Press Release: EITI/ UWI Renew Collaboration

The University of the West Indies (UWI), St. Augustine Campus, and the Trinidad and Tobago Extractive Industries Transparency Initiative (TTEITI) Steering Committee signed a second Memorandum of Understanding (MOU) to renew their collaboration in promoting best practice in natural resources management in Trinidad and Tobago and the wider Caribbean. Pro Vice-Chancellor and Campus Principal Professor Brian Copeland, signed on behalf of The UWI, and Victor Hart, Chair TTEITI Steering Committee, signed on behalf of the Steering Committee.

The two parties recognise the benefits of continuing to work together to enhance the local and wider Caribbean extractive sectors industries good governance practices reinforced by transparency and accountability. The aim is to improve the region’s understanding of the nature and significance of contemporary management issues and practices in the extractive sectors and the benefits to be derived from the application of emerging global governance trends such as the Extractive Industries Transparency Initiative (EITI) including the maximising of revenue receipts.

The first MOU was signed on November 6 2013 and the second MOU on March 16 2018, both for a period of three years.

 

On left, Victor Hart, Chair TTEITI Steering Committee; on right, Professor Brian Copeland, UWI St Augustine Pro Vice-Chancellor and Campus Principal.

 

 

 

 

 

 

 

 

 

Under the first MOU, The UWI’s Trade and Economic Development Unit (TEDU) collaborated with the TTEITI Steering Committee and Secretariat in hosting capacity-building workshops locally and in Jamaica, Suriname and Guyana for government, extractive companies and civil society stakeholders. In addition to promoting knowledge of best practice in natural resources management in the extractive sectors, a tangible benefit derived from those activities was Suriname and Guyana’s commitment to the EITI Principles and their admission to EITI membership in 2017 to join Trinidad and Tobago as the second and third Caribbean country-members.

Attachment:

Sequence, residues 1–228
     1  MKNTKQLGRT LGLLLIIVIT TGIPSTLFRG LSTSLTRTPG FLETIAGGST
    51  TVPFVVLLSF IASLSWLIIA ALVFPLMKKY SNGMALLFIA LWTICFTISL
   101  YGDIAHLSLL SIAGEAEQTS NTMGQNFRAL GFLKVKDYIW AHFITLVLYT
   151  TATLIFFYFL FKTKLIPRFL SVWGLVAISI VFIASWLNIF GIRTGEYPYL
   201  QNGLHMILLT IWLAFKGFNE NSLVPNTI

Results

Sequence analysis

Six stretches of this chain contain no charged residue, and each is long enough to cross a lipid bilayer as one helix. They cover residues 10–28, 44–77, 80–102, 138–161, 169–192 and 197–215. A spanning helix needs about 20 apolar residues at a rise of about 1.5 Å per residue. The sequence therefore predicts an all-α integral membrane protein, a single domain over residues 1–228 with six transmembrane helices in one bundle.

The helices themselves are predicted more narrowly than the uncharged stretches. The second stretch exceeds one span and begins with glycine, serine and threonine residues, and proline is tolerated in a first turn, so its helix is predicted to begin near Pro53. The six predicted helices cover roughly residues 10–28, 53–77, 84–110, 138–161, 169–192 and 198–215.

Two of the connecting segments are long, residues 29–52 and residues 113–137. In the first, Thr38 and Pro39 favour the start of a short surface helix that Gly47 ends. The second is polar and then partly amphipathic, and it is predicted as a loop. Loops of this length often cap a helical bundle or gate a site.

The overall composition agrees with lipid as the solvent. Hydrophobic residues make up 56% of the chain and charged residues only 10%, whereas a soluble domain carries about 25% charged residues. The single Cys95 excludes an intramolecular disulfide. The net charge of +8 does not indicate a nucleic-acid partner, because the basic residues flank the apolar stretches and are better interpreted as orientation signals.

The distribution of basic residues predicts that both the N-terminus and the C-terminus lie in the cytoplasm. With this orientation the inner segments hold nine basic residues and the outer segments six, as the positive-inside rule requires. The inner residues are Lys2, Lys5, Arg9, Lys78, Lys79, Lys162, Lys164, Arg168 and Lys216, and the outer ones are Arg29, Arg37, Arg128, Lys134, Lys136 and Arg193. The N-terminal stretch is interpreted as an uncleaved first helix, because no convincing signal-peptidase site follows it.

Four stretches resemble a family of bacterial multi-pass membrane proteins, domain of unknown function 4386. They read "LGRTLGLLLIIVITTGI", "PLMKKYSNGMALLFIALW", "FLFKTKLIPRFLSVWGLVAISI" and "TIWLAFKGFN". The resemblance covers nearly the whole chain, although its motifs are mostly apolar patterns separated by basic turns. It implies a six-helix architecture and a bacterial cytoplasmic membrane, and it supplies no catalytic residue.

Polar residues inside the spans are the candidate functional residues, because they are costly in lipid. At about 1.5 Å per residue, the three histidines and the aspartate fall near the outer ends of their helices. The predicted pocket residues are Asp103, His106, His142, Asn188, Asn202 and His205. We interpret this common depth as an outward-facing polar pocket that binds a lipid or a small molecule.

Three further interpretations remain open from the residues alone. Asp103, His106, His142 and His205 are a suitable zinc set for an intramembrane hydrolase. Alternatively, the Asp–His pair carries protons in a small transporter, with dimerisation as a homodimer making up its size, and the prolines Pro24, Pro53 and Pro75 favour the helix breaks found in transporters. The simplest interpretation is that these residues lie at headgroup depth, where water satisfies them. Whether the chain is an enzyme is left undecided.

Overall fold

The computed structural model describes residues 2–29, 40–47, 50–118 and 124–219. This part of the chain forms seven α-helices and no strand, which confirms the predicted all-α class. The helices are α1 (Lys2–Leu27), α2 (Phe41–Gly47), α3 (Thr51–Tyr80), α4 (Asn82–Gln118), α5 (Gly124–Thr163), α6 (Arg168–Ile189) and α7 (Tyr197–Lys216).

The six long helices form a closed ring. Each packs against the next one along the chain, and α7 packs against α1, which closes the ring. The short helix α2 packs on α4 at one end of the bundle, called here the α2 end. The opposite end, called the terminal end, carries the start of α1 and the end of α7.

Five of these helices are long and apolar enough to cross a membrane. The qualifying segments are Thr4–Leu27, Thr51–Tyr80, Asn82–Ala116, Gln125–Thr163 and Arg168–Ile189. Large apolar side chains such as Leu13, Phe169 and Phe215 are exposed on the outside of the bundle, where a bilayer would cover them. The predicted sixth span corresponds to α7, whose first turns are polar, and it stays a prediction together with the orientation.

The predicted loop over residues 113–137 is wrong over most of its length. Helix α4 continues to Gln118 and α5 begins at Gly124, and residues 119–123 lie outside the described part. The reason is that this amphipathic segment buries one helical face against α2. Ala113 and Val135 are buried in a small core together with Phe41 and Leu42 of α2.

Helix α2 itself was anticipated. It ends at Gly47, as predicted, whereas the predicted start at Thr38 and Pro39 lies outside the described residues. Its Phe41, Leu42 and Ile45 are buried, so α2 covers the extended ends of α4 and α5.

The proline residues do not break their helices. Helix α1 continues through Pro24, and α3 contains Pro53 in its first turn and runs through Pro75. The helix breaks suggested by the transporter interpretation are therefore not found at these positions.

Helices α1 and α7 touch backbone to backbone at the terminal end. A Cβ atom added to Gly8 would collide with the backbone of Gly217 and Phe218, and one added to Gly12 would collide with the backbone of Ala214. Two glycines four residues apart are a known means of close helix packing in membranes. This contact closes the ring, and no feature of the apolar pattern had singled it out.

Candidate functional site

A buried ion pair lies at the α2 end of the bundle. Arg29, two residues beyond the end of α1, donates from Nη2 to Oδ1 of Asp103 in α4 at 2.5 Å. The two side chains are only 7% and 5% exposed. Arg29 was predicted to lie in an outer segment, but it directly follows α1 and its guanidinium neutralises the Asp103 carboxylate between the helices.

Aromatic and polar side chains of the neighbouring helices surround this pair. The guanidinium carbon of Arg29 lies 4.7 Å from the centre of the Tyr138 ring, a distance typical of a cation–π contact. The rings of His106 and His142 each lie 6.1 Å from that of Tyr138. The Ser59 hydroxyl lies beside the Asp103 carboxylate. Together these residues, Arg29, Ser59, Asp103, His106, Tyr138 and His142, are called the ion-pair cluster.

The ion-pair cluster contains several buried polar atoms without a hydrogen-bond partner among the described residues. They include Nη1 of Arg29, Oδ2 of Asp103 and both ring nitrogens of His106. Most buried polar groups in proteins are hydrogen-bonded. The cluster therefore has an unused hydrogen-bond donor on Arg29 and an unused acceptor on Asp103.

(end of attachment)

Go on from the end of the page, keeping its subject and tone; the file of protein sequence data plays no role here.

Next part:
Under the second MOU, the parties will continue their collaborative activities, through outreach events, to educate extractive sectors stakeholders with the aim of (a) building capacity in social, economic and environmental knowledge in relation to the exploitation of natural resources; and (b) increasing understanding of EITI implementation methodology and benefits. The activities will be carried out by select UWI faculty, staff and students, members of the TTEITI Steering Committee and Secretariat and mutually approved facilitators from other organisations.

At the MOU signing, Professor Copeland said, among other things, that The UWI welcomed collaboration with the TTEITI Steering Committee and Secretariat because it gave the University’s talented research staff, graduates and students the opportunity to participate in and contribute to the development of an important governance initiative such as the EITI. Sherwin Long, Head TTEITI Secretariat, noted that UWI will continue to be the primary resource-centre for providing facilitators for the capacity-building EITI workshops with lecturers in the fields of economics, governance, company management and environment protection and associated legal issues.

Victor Hart, Chair TTEITI Steering Committee, opined that the EITI is the most important governance initiative currently being implemented in Trinidad and Tobago because it protects the people’s patrimony and our children’s inheritance derived from the wealth of the country’s natural resources. It also empowers citizens to hold the government and companies accountable for their stewardship in exploiting the people’s natural resources, thereby strengthening the country’s participatory democracy. Further, it supports government’s ongoing drive to maximise the revenues earned from the oil and gas sectors to assist in overcoming the country’s current economic recession.

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